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Bloomed Chocolate: Is It Ruined?

Can bloomed chocolate still be used in cooking applications?

Improper storage of chocolate can cause a superficial white film, called a bloom, to develop. There are two types: Cocoa butter bloom occurs when the chocolate softens so much that the cocoa butter crystals melt and molecules of fat migrate to the surface where they form new crystals. Sugar bloom happens when water condenses on the chocolate and dissolves some of its sugar. When that water evaporates, a fine layer of sugar crystals is left behind.

When we compared batches of dark chocolate truffles and chocolate chunk cookies made with bloomed chocolate with samples made with properly stored chocolate, tasters found no differences. But when we dipped cookies in melted bloomed chocolate, we found that the chocolate took longer to set up and the bloom reappeared. That’s because chocolate maintains its characteristic snap and sheen only when its fat molecules are properly aligned. The bottom line: Bloomed chocolate is fine for baking—just don’t use it for dipping.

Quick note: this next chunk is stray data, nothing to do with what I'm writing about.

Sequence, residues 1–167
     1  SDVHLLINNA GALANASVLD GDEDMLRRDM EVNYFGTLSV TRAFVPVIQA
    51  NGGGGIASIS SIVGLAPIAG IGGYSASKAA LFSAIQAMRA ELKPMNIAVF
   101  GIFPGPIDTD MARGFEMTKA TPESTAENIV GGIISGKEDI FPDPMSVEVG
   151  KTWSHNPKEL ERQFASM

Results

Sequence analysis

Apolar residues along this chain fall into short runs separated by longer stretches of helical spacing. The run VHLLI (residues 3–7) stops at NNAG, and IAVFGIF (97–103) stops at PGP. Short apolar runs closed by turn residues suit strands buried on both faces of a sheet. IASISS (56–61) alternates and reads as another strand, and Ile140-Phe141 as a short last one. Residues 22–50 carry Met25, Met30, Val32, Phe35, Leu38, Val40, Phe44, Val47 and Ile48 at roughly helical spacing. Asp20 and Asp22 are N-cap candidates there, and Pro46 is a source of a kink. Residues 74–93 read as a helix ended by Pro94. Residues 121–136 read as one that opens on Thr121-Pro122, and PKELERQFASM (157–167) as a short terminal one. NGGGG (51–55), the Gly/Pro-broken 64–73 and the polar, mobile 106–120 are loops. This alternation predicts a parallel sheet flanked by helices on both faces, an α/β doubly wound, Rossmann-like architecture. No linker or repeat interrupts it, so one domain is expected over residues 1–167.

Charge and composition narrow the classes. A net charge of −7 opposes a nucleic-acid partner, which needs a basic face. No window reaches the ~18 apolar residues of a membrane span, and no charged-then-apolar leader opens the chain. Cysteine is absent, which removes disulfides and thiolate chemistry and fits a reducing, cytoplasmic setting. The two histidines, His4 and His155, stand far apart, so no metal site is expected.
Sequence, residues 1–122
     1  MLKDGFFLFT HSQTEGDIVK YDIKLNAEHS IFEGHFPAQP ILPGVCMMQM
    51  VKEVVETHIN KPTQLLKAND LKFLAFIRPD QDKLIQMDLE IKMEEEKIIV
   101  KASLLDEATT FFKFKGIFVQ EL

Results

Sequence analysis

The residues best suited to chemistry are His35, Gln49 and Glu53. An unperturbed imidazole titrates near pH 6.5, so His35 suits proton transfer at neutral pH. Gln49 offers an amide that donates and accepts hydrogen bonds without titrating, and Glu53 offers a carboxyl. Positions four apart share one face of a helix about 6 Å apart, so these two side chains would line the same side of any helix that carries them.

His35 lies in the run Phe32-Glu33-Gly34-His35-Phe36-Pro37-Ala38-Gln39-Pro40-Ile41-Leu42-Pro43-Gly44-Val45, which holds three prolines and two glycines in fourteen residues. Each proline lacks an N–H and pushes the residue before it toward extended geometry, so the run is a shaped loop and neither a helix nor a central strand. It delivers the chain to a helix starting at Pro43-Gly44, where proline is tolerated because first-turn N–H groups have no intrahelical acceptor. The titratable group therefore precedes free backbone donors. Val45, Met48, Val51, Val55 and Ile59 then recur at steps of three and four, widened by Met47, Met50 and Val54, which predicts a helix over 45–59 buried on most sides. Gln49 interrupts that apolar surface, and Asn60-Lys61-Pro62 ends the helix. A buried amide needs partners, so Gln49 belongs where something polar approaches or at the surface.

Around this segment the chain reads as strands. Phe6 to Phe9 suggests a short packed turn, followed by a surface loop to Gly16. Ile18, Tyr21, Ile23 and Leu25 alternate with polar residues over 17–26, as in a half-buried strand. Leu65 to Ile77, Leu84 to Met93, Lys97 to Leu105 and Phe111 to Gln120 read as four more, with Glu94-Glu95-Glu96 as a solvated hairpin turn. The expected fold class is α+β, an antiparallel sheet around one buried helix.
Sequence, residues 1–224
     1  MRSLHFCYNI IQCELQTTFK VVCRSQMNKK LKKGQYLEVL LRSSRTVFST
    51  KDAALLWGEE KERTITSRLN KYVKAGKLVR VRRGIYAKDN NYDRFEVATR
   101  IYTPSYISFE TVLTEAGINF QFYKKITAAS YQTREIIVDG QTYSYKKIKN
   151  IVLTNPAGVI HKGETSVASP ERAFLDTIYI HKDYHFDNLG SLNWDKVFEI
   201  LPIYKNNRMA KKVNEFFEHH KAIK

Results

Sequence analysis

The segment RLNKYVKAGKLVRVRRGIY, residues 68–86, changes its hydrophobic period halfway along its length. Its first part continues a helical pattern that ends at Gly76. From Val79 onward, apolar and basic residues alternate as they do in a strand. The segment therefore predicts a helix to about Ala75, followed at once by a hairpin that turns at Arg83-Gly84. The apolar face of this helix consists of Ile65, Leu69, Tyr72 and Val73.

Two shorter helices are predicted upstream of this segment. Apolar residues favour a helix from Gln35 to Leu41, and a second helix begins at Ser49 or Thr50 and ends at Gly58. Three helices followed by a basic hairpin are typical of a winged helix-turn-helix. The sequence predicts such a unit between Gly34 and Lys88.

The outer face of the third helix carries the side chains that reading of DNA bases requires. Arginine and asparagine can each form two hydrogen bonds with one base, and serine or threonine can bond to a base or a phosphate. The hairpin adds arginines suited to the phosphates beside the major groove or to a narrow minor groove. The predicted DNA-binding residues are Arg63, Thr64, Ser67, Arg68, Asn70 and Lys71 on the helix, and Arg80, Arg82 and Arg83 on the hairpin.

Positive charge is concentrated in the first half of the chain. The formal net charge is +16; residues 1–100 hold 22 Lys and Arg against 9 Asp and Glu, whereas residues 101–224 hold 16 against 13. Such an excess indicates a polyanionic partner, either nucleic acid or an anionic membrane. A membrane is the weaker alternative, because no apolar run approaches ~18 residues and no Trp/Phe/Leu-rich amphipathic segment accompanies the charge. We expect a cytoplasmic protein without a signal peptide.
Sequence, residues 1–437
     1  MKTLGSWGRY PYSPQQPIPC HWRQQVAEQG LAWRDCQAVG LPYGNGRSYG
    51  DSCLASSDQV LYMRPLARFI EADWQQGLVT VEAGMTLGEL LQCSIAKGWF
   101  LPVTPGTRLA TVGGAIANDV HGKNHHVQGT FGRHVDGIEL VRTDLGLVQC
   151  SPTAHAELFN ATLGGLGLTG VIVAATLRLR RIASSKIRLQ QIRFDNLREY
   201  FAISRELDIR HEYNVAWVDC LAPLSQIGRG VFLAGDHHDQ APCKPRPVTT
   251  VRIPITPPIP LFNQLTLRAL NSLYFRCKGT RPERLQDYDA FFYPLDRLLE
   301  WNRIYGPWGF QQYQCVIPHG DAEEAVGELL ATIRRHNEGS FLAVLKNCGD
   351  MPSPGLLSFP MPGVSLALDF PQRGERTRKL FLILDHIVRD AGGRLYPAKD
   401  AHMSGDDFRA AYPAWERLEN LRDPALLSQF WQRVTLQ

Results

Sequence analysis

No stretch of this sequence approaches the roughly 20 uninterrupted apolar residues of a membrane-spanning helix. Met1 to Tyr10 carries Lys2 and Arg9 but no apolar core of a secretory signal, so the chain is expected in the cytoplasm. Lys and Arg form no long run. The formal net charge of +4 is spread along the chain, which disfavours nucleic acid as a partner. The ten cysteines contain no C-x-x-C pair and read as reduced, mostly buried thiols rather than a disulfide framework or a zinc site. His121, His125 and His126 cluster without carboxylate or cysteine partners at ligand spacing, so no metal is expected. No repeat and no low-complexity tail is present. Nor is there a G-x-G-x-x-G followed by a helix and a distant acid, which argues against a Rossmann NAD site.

NOT FINE FOR DIPPING:  The white film reappeared on melted bloomed chocolate.

FINE FOR BAKING: In baking recipes, the bloom on chocolate isn’t noticeable.

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